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Kazakhstan: Catholic Church Granted Full Religious Freedom


Vatican City, 24 September 1998 (RFE/RL) -- The Vatican and the mostly Moslem Republic of Kazakhstan today signed an agreement on mutual relations between the government and the minority Roman Catholic Church.

Kazakhstan, which became independent from Moscow in 1991, has had diplomatic relations with the Vatican since 1992.

The agreement was signed at the Vatican by Secretary of State Cardinal Sodano and Kazakh Foreign Minister Kasymzhomart Tokayev.

It regulates the legal position of the Catholic Church in the central Asian country whose population of some 17 million people is predominantly Suni Moslem. Only some 1.9 percent, or 315,000 people, are Roman Catholic.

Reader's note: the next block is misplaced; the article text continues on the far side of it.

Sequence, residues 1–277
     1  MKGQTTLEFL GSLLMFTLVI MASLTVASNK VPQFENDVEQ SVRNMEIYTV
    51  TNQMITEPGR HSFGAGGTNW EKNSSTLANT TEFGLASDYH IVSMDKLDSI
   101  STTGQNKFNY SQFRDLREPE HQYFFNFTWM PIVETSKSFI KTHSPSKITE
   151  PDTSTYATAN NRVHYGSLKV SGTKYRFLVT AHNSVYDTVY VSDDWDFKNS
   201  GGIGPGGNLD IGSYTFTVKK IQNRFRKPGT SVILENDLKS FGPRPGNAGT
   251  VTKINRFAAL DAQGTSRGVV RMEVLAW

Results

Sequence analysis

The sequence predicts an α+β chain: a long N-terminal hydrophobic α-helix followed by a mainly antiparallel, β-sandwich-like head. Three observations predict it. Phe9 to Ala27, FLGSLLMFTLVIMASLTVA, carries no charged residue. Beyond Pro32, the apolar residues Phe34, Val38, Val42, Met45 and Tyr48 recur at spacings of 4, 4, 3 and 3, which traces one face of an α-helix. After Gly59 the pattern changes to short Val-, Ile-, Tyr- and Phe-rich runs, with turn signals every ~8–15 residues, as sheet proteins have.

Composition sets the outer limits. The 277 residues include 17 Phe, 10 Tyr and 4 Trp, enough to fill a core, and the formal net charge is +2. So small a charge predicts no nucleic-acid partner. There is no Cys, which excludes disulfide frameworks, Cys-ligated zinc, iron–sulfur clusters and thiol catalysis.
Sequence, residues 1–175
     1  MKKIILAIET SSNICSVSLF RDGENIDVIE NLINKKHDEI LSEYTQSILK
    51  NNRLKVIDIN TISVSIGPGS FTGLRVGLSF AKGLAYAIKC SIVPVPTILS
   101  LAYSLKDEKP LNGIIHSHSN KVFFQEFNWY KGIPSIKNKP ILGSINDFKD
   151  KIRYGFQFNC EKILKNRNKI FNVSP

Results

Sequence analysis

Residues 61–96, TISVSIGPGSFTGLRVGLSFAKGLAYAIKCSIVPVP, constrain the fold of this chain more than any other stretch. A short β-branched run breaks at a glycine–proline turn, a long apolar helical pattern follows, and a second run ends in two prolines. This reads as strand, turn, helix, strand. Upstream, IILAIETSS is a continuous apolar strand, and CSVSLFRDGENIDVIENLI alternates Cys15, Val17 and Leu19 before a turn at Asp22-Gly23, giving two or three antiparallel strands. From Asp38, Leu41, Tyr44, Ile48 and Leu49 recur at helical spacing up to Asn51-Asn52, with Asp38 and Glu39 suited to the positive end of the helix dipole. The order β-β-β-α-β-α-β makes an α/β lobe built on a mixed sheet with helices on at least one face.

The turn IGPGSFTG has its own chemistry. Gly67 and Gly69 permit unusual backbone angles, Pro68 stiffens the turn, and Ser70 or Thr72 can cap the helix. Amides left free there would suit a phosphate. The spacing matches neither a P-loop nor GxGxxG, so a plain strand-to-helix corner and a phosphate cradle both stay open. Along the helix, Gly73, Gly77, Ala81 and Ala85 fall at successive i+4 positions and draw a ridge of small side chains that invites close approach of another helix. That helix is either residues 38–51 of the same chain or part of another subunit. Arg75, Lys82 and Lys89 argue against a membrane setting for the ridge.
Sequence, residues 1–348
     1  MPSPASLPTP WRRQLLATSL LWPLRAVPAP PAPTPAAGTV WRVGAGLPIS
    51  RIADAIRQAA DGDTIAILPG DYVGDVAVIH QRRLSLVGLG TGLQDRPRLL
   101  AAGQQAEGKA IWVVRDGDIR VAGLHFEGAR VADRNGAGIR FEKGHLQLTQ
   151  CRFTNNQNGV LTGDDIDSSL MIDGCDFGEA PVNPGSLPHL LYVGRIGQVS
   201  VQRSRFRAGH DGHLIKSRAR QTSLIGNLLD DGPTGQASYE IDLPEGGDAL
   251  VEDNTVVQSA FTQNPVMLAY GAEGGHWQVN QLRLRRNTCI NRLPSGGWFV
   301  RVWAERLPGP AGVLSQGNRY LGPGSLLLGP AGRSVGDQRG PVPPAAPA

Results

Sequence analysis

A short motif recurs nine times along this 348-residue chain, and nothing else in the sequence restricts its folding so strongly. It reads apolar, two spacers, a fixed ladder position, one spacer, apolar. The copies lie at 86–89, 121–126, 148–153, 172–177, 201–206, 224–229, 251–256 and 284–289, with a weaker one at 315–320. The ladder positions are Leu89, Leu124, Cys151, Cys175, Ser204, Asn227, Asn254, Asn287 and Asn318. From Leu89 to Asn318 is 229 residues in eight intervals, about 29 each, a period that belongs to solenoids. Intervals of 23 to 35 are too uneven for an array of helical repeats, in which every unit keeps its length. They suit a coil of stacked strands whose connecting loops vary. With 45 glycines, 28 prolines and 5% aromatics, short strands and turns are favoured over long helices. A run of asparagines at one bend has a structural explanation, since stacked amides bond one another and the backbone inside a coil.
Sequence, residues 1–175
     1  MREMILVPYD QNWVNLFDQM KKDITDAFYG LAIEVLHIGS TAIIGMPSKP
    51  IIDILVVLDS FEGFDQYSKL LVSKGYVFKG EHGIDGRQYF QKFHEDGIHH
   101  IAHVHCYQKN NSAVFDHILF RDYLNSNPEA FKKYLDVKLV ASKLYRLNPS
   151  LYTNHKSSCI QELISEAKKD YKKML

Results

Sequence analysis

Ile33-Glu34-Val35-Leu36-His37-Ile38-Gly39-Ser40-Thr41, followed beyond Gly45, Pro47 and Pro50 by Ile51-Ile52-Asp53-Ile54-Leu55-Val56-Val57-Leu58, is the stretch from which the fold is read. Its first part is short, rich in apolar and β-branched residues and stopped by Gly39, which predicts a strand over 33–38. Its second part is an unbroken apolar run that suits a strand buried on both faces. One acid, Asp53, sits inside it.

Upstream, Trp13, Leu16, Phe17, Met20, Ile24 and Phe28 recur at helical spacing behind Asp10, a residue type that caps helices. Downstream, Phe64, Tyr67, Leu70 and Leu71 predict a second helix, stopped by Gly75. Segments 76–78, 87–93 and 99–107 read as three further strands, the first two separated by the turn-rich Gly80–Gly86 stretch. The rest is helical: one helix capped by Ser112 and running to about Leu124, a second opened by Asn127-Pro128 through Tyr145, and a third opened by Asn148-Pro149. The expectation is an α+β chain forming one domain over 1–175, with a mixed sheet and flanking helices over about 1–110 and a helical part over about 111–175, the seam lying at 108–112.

The agreement grants the Catholic Church full religious freedom, the right to carry out its social, educational and charitable activities and access to the media. It also allows the Church to acquire property.

The agreement is valid for ten years and could be automatically extended for subsequent five-year periods.

The signing took place during a visit to Rome by President Nursultan Nazarbayev. After the signing ceremony at the Vatican Nazarbayev was received by Pope John Paul at the Pontiff's summer residence south of Rome.
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